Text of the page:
3) I note the Ministers comment: “Firstly, the financial climate is such that we must determine which services are essential and which are not, and can therefore be dispensed with. Secondly, if the consensus is that certain functions of the Constabulary are essential, could they be performed in a different manner or by other people?” Given this statement does the DHA currently have any idea of what police ‘services’ it wishes to see ‘dispensed with’ (in relation to this latter point for the benefit of those responding to the consultation an Appendix setting out current police functions in their entirety would have been helpful).

a. The consultation document simply invites the views of the public (questions 1 and 2). Section 3(1) of the Police Act 1993 places the direction and control of the police force in the hands of the Chief Constable, and it is considered that the views of the public, expressed both through this consultation and in other ways at various times may assist him in this matter.

b. Your comments in relation to providing details of police functions are noted.

4) Further to question 3: The employment of additional civilians in what were previously police posts raises the question of what the ‘core functions’ of the police would be i.e. what are the tasks that can only be performed by police officers? Has the DHA determined a priority list of such core functions?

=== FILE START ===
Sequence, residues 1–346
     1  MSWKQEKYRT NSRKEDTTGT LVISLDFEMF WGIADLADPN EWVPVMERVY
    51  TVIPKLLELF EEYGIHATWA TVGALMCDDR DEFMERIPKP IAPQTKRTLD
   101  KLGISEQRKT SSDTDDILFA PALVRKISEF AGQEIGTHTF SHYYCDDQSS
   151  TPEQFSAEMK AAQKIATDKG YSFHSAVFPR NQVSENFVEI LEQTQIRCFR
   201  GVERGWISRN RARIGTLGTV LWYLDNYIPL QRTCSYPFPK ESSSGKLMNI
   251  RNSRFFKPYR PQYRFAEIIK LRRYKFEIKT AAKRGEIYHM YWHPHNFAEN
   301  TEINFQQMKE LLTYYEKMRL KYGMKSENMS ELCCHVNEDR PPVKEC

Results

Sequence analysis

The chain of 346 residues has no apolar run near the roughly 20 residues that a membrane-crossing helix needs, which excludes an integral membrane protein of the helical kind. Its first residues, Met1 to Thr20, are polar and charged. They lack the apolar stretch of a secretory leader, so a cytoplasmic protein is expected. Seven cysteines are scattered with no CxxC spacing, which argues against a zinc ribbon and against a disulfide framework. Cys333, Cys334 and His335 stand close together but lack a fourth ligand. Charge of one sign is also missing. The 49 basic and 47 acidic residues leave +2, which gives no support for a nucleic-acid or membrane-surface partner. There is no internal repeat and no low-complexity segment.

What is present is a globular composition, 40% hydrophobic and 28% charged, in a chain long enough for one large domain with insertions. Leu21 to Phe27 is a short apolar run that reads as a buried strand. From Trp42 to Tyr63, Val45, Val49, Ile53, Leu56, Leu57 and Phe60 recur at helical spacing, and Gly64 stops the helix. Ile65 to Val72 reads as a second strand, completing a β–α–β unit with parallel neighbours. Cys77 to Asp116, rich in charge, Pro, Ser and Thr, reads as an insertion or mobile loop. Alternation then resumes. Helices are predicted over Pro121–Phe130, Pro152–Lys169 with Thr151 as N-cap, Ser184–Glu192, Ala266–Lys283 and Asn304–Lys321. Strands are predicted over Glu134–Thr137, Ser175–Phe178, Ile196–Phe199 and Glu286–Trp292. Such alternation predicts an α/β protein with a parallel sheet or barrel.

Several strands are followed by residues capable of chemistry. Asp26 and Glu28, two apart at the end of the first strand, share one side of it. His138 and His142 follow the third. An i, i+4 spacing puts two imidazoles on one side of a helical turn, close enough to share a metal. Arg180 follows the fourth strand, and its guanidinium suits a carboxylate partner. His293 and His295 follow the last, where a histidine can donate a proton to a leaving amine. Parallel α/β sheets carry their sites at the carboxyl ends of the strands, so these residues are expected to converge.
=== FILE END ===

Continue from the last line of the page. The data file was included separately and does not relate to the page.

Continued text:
a. This is an operational matter for the Chief Constable to determine in accordance with his obligations under the Police Act 1993 and the Annual Policing Plan agreed with the Department. Under section 4(1) of that Act, Annual Policing Plans are laid before Tynwald.

5) Given that in the United Kingdom the HMIC has taken a key role in monitoring and assessing the consequences of the roll-out of civilianisation in that countries police forces has the HMIC on any of its (invited) inspections of the Manx Force expressed a view on civilianisation?

a. The Department is not aware of HMIC expressing any view on this matter in the Isle of Man.